Culture Military

Moments of Silence

“Everyone outside, formation! Let’s go!” Everyone in the Bagram JOC hopped to their feet and moved toward the door, many moaning and sighing over being forced to leave their work. Everyone stood to, however, fully understanding the significance of the moment. It was September 11th, 2014; thirteen years had passed since the attack that had brought the men and women there together.

Few soldiers love standing in formation. Having to do so overseas was particularly uninspiring for most members of special operations and their support, being so mission focused that these old formalities often felt annoying. As we stood together that day, and listened to the task force commander remind us why we were there, and what it had cost to come that far, the inconvenience lifted from the air, replaced by a solemnity and reflection on the roads behind and before us.

The ceremony concluded with a long moment of silence. Each individual’s thoughts were of course unique, likely filled with a mixture of fallen friends, distant family, and images of national solidarity as we held in our minds that fateful day and all it had wrought in the years that followed. Replacing our headgear, we again took our posts and resumed the fight, but with a new state of mind. All the noise and bullshit was washed away, our heads were clear, the mindful moment had brought us all back to center.

Now, more than 4 years later, knowing that on Veterans Day my brothers and sisters who still serve likely conducted a similar ceremony before the same flagpole, I continue to take the time to reflect on my life, the role the Army and my brothers who wear the Ranger Scroll had in it, and where we are as a country. I try to take time as often as possible to be silent and mindful.

It is in that context that I found an article, by Joanna Scutts, on the origins of the moment of silence. Like Veterans Day, the ritual was birthed from World War One, when the mayor of Cape Town lost a son in the fighting, and incorporated the ritual into the daily time-keeping cannon shot. It later became the Silence, a two-minute suspension in memoriam of the war, by proclamation of the British Crown.

Scutts’ article comments on the juxtaposition of the collective experience and thought of mass silence, with the individual experience of the moment. She praises the “personal, imaginative connection between past and present” that a moment of silence allows. In the moment of silence I observed with my brothers and sisters in 2014, and in many others I shared while serving, it was often less imaginative and more personal, but certainly a merging of the individual with the collective group that brought us together.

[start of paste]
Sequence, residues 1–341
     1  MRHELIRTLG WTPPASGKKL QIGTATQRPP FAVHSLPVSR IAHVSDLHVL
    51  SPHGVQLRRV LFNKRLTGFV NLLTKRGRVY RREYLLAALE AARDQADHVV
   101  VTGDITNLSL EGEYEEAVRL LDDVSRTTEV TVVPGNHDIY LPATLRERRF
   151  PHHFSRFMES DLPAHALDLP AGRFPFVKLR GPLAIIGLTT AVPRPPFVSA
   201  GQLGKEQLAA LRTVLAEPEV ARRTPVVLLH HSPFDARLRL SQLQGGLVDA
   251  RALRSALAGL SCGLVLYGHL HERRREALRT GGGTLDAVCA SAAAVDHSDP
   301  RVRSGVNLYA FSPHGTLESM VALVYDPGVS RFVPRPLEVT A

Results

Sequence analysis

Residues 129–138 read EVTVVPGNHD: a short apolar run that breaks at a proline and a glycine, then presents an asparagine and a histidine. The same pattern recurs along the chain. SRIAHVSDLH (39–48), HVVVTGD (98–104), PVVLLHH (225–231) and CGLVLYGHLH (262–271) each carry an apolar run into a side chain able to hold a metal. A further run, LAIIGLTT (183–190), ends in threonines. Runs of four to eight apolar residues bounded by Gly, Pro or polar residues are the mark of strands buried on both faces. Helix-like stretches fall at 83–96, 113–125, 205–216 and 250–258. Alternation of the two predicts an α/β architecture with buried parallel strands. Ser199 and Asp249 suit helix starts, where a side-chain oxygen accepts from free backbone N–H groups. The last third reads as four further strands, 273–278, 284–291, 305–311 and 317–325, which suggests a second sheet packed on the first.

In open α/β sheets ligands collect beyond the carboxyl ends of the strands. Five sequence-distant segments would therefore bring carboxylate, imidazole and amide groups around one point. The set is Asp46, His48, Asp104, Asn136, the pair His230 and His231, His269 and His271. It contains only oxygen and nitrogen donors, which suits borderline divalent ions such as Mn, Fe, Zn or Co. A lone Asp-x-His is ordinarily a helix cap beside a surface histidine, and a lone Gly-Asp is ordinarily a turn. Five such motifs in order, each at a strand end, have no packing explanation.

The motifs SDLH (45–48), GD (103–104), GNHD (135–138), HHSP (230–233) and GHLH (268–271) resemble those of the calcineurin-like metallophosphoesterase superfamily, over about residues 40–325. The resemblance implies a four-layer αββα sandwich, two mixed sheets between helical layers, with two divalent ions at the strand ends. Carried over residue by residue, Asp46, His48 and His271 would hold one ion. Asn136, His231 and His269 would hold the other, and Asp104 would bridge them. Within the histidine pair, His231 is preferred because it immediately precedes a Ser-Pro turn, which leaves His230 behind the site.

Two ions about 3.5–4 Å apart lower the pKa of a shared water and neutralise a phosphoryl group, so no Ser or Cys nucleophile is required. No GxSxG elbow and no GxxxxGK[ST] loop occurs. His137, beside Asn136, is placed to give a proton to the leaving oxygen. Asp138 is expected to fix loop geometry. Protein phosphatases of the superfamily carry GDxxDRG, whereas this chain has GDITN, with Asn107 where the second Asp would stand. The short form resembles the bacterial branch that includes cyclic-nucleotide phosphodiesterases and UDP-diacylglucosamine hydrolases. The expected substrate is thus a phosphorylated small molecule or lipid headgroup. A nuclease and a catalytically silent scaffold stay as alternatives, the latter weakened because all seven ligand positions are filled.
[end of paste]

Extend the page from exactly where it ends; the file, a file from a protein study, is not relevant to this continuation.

I would add to Scutts’ thoughts that collective moments of silence seem especially important today, in the breakneck speed of the modern economy. So much of our lives are designed to “optimize” and “maximize” the way we spend our time in order to produce more and more. It is this engine that drives the country and, good or bad, it is easy to be lost in the day’s priorities and our own lives and daily realities. It can be difficult to gather a company or group for a moment together; even when done, most attendees are still on their mobile devices.

In a world where even mindful meditation is being co-opted as a means to increase business productivity, it feels important to maintain solemn, intentional time that not only emphasizes reverence and remembrance, but collective purpose. For it is more than taking time out of our days to stop and remember that makes moments of silence important, it is the very sense of being a part of a greater whole that invigorates and reorients us together. Anyone who has worn the uniform can understand that feeling, and knows what happens when we all pull together.

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clluelo
Member

Sharing 2 minutes of silence is a small but important part of showing out gratitude to those who paid the ultimate price for our freedoms . RIP warriors

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